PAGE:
February 6, 2013 | Tagged kobrant; literacy; Dickinson; cultural literacy; red devil | 2 Comments
Last summer, while working as a writing associate for Dickinson’s Summer Institute for International Students, one of my students asked me where he could find a fake ID. As an employee of the college, I obviously didn’t answer him. Nevertheless, his question prompted me to consider the implications of what he was asking.
The purpose of the Institute was to not only to instruct international students in American writing techniques, but to also prepare them for adjusting to and thriving in American collegiate life. I know the student who asked me this was a big fan of American television and I wondered if that was how he had become culturally aware of alcohol on college campuses. Perhaps he felt that one of the easiest ways to fit into life at Dickinson would be to engage in alcohol use with his peers. In that sense, though he certainly asked the wrong person for help in his endeavor, I think he was very culturally literate.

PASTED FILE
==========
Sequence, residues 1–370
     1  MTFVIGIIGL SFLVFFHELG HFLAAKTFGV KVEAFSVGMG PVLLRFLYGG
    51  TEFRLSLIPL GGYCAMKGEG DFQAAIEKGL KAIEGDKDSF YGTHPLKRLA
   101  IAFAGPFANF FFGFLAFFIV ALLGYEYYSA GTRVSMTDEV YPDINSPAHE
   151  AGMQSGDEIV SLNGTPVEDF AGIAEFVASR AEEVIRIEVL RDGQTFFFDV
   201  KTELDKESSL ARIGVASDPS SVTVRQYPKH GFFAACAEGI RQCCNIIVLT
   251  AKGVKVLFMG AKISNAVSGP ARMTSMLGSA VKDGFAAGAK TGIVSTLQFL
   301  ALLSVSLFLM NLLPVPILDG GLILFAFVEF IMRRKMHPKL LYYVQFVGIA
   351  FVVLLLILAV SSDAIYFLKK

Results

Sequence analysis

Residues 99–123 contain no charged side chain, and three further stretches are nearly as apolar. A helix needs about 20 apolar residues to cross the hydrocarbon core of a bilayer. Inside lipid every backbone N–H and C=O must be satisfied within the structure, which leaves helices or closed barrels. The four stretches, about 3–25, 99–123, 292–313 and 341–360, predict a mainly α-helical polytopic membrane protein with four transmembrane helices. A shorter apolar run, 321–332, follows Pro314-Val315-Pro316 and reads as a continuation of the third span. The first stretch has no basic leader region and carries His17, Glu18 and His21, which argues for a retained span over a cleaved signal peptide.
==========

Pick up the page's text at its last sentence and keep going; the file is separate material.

Dickinson certainly has its own college culture surrounding it, and with that, its own cultural literacy as well. Alcohol is absolutely a part of this culture, though not its defining characteristic, and certainly not one that Dickinson intentionally sets.
There are certainly some areas in which Dickinson tries to make its students culturally literate, such as environmental affairs. During my orientation week alone, I could barely keep track of how many times the word “sustainability” was used. Recycling, anxiety about printing allotment, and bringing a reusable water bottle to class: these are all activities that show how culturally literate students have become in the Dickinson climate. Along with that, I’m sure we all know exactly what is meant when we hear the phrase “Engage the world.” Immediately, we think about faraway places and global issues, since those images have been drilled into our minds since our first days here.
People outside of the Dickinson culture would not understand our connection to these sayings. They wouldn’t understand why we Dickinsonians roll our eyes and laugh whenever we hear the word “sustainable,” no matter the context. The international student in search of a fake ID most likely wanted desperately to fit into a new and intimidating college culture. No doubt he felt on the brink of breaking into our Dickinson bubble, which at times can be very exclusive. Being culturally literate at Dickinson is definitely one of the first steps to being a true Red Devil.